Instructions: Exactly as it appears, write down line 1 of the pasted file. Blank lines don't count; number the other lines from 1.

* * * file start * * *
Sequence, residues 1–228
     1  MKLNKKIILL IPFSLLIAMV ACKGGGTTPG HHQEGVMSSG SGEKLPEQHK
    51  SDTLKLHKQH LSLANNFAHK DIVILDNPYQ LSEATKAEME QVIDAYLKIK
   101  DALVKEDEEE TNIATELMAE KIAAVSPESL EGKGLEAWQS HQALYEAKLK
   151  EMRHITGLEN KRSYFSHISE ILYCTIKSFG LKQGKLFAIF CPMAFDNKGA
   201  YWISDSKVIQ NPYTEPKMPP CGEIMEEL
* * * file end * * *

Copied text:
Sequence, residues 1–228